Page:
To start off we first need to know what is True Airspeed? Well, it is pretty simple it is the airspeed that your aircraft is moving through air. Now that we know that we can move onto the next portion.
Why are they different? Well the aircraft speed indicator measures pressure not speed. Your airspeed indicator will read very accurate at sea level with perfect conditions but if you add weather along with the aircraft climbing it starts reading inaccurate speeds. That is because the airspeed indicator shows a slower speed due to density increasing based on the altitude and air changes. That is the reason why you cannot directly measure true airspeed.
Now that we know why we can’t accurately measure true airspeed we need to know why does it matter? Well put simple if you use indicated airspeed to calculate fuel burn, time to destination etc you will be way off and that is why true airspeed is so important. Did you know that cruise performance charts use True Airspeed?
6-14-3 — As the altitude of aircraft increases, so will the difference between IAS and GS. Below are some very “ball-park” figures which can be used for reference. With the aircraft flying at
– 250kts IAS with no wind
– 3000ft ~ 260kts GS (+10)
– 6000ft ~ 270kts GS (+20)
– 9000ft ~ 290kts GS (+40)
– 12000ft ~ 300kts GS (+50)
There we can see a increase in speed from the set 250 knots True Airspeed as we climb through altitudes.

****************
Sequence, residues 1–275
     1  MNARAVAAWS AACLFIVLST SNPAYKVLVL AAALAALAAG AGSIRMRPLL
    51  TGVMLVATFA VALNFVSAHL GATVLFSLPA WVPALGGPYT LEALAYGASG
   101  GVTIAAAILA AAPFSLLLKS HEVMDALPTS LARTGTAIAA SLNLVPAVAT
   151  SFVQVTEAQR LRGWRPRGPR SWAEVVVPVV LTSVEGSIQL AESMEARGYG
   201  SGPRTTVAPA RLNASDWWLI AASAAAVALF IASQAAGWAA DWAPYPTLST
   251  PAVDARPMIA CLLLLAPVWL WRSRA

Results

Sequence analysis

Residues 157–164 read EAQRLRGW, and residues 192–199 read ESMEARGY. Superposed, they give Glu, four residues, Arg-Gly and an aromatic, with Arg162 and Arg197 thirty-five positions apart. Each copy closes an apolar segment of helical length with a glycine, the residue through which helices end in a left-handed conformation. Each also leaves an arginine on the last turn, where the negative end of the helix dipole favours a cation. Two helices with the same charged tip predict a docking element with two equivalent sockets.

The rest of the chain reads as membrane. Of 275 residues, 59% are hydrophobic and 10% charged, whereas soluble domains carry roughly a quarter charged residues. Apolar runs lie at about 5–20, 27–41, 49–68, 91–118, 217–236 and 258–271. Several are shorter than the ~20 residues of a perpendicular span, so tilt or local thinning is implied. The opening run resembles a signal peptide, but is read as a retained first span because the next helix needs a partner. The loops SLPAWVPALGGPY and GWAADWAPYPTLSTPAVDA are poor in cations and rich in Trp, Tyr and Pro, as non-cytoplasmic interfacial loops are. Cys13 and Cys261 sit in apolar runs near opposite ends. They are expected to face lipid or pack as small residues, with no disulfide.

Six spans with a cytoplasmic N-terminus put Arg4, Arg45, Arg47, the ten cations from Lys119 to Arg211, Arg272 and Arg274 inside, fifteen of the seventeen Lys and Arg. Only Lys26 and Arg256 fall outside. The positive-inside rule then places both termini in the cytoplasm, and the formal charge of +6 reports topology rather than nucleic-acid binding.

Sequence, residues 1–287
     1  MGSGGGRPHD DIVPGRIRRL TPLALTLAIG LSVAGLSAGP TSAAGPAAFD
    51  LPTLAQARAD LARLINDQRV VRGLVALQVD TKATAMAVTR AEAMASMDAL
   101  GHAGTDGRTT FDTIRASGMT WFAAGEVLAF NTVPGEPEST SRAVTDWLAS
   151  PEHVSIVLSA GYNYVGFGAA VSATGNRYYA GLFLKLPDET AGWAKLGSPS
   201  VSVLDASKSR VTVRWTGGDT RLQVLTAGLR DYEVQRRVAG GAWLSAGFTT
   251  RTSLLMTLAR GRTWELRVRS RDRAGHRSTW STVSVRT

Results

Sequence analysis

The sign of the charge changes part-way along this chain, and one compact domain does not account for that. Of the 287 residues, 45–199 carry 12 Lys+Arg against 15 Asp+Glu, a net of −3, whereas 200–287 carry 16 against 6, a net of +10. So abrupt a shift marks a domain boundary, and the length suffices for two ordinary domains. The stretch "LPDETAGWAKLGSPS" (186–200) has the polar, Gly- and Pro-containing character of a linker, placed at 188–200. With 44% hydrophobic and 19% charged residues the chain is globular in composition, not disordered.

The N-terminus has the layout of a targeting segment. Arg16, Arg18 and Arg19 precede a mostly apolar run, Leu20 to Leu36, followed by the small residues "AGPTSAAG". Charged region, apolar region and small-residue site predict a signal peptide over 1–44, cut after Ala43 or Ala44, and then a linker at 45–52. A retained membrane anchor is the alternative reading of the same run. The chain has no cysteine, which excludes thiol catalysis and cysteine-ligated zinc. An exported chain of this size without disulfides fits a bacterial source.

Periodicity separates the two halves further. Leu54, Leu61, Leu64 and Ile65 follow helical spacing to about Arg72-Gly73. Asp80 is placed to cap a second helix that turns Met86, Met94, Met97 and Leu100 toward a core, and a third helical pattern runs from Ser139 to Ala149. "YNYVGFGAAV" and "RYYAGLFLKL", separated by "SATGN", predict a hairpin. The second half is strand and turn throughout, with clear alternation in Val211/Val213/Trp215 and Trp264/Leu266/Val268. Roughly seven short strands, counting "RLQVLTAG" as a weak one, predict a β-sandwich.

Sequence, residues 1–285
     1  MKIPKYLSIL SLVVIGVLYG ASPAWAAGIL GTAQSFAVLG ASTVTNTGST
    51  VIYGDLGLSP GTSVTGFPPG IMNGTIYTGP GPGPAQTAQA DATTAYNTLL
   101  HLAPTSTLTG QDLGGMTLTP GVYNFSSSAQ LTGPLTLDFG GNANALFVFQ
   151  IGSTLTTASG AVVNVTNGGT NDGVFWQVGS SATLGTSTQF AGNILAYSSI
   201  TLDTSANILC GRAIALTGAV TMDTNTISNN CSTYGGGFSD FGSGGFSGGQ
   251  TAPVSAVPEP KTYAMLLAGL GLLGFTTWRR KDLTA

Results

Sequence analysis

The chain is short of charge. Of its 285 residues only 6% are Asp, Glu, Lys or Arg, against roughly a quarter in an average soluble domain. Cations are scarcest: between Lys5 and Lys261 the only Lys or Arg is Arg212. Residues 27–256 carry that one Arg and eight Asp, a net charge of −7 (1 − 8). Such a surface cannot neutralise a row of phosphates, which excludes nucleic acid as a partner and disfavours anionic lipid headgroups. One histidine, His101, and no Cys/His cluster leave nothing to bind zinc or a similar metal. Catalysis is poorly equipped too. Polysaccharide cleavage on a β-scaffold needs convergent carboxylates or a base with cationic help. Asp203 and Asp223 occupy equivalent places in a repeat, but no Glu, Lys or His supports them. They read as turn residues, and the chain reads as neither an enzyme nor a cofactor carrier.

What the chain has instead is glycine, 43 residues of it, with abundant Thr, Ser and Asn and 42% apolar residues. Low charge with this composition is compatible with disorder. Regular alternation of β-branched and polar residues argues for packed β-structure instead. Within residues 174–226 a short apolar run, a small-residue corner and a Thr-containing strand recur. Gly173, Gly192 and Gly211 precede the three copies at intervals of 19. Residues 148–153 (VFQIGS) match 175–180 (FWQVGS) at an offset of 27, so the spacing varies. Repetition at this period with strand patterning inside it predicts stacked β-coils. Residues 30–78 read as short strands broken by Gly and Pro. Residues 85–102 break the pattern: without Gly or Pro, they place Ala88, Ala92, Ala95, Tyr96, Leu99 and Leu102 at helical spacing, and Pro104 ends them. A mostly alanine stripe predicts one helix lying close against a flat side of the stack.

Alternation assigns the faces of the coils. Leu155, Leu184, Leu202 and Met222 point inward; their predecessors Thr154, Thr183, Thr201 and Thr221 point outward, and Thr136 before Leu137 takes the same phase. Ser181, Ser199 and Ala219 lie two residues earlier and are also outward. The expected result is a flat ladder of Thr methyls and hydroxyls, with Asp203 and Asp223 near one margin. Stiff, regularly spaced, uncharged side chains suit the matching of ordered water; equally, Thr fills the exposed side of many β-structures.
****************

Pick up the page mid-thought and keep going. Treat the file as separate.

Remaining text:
The Decision Altitude (DA) is a specified altitude in the Precision Approach or approach with vertical guidance at which a Missed Approach must be initiated if the required visual reference to continue the approach has not been established.
This would only be used with ILS and LNAV/VNAV approaches.
At the DA altitude a pilot must state whether they want to continue with the landing and land or go around and try again.
There are many reasons for a go around at DA.
- The pilot could be too high above glide
- Too low below glide
- To fast
- To slow
You must also only make your decision whilst still on glide, you can not dive low and then make it or fly up and make it. Your decision needs to be final and done at that point to continue the flight safely.
References: SKYbrary, BoldMethod
Minimum Descent Altitude (MDA) is a specified altitude or height in a 2D instrument approach operation or circling approach operation below which descent must not be made without the required visual reference.
A pilot can not go any lower than MDA until they see the runway. If they do not spot the runway then they will then execute a missed approach to the missed approach point (MAP).
Once you see the runway and confirmed everything you may continue your descent and land safely, if not you fly to the MAP and execute a missed approach and re-try the approach. Sometimes with very low visibility you will have to fly quite close to the runway in order to spot it and continue safely.